The Internet of Things and Networks of Everything

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The Internet of Things (IoT) has been a hot topic for several months now, and there are new stories about it in the business and technology press on a daily basis. While it’s easy to view these as hype at worst and vision at best, there is no denying that purveyors of hardware, software and services are dedicating and creating the resources they will use to capitalize on the IoT. Last week alone, there were three announcements that show just how quickly the IoT market is progressing and how big of a business opportunity it is.

On Monday, September 14th, IBM formally launched a distinct IoT business unit and named former Thomas Cook Group CEO Harriet Green as its leader. The new IoT unit is the first significant step by IBM toward delivering on the $3 billion commitment it made to IoT in March. IBM signaled in Monday’s press release that the unit will “soon” number about 2,000 consultants, researchers and developers, who will use IBM’s assets to help customers get up and running on the IoT. Those assets will likely include the Bluemix platform-as-a-service (PaaS), Watson and other analytics software, as well as the MQTT messaging protocol standard for machine-to-machine communication that IBM submitted to OASIS in 2013.

The next day, Salesforce.com used its annual Dreamforce conference as the grand stage on which to unveil its IoT Cloud. This offering has at its core a new “massively scalable”, real-time event processing engine named ‘Thunder’ (to complement Salesforce’s ‘Lightening’ UI framework). IoT Cloud connects IoT resources and Thunder rules-based workflow to route data between them, triggering pre-defined actions. For example, when an individual enters a retail store, a beacon can offer them discounts based on qualification criterion such as loyalty program status and in-store inventory levels. Scenarios such as this will be possible because of IoT Cloud’s integration with the Salesforce Sales, Marketing and Analytics Clouds. IoT Cloud is currently in pilot and is expected to be generally available sometime in the second half of 2016.

While these two announcements are important milestones in the respective organizations ability to help customers connect to and use the IoT, they do not enable them to do so immediately and risk being labeled as more IoT hype. The sheer magnitude of resources assembled for each of these vendors initiatives signals that they believe that the IoT will be both real and profitable in the not-so-distant future.

The final piece of related news from last week underscores that smaller, pure-play vendors are delivering tools that help their customers get on the IoT now. Build.io announced that Flow, its integration PaaS that had been beta released in March, is now generally available. Flow features a drag-and-drop interface that is used to connect IoT elements ─ sensors and other intelligent devices, backend systems, mobile applications and other software ─ into an integrated system. Connections are made at the API level. Like Salesforce’s Thunder, Flow uses rules-based event processing to trigger actions from IoT data. In essence, Build.io is delivering today a critical part of what Salesforce intends to make generally available later this year.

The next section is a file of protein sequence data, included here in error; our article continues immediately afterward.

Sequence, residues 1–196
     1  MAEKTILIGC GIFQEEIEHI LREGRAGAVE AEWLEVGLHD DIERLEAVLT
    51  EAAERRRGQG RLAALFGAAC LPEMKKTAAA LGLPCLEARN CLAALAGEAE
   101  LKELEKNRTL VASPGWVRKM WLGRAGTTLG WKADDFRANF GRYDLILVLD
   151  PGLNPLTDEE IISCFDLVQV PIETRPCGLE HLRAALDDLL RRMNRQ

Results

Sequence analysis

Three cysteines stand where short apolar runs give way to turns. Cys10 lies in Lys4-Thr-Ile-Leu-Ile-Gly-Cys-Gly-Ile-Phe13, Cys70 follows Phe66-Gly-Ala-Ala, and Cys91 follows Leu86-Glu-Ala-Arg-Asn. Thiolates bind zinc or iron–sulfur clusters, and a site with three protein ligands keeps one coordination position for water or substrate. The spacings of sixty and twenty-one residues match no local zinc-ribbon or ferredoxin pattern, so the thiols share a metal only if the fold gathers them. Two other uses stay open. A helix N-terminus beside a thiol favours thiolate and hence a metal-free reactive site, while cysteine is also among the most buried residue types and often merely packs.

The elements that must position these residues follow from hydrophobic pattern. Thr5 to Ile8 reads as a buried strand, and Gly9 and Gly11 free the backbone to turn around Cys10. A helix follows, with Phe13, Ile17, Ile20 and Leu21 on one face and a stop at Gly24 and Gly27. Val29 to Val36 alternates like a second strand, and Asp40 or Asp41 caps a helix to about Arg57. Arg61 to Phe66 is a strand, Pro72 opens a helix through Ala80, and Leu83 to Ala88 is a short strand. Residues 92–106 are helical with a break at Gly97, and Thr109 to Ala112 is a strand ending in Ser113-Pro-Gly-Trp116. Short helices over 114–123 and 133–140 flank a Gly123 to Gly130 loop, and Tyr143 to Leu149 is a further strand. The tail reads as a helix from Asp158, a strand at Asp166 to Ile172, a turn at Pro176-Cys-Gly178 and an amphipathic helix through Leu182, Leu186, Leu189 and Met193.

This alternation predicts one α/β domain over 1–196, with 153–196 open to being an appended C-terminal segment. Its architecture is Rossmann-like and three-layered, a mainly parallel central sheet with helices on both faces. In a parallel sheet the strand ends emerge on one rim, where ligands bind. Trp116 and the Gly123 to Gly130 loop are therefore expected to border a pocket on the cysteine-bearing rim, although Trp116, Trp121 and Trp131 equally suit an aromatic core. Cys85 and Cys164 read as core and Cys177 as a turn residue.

Current State of the Internet of Things and Networks of Everything

These announcements, taken together, mean that the IoT is poised for takeoff. The first sets of user-friendly tools that organizations need to connect IoT nodes, transmit their data and use it to drive business processes are available now, in some cases, or will be coming to market within a year. We are on the cusp of a rapid acceleration in the growth of the market for software underpinning the IoT, as well as the network itself.

This latest batch of IoT announcements from software vendors underscores another thing: the IoT will initially be built separately from enterprise social networks (ESNs). Many organizations, particularly large enterprises, have experimented with ESNs and a few have managed to build ones that are operating at scale and creating value. Those businesses will be turning their attention to IoT development now, if they haven’t already. They will pilot, then scale, their efforts there, just as they did with ESNs.

Eventually, organizations will realize that it is more efficient and effective to build Networks of Everything (NoE), in which humans and machines communicate and collaborate with one another using not only the Internet, but also cellular, Bluetooth, NFC, RFID and other types of networks. This construct is just beginning to enter reality, and it will take a few years before NoE get the market attention that ESNs did five years ago and the IoT is now.

At some future point, when NoE have become a fixture of networked business, we will look back at this month (Sept. 2015) and declare that it was a watershed moment in the development of the IoT. We’ll also laugh at how obvious it seems, in hindsight, that we should have just built NoE in the first place.

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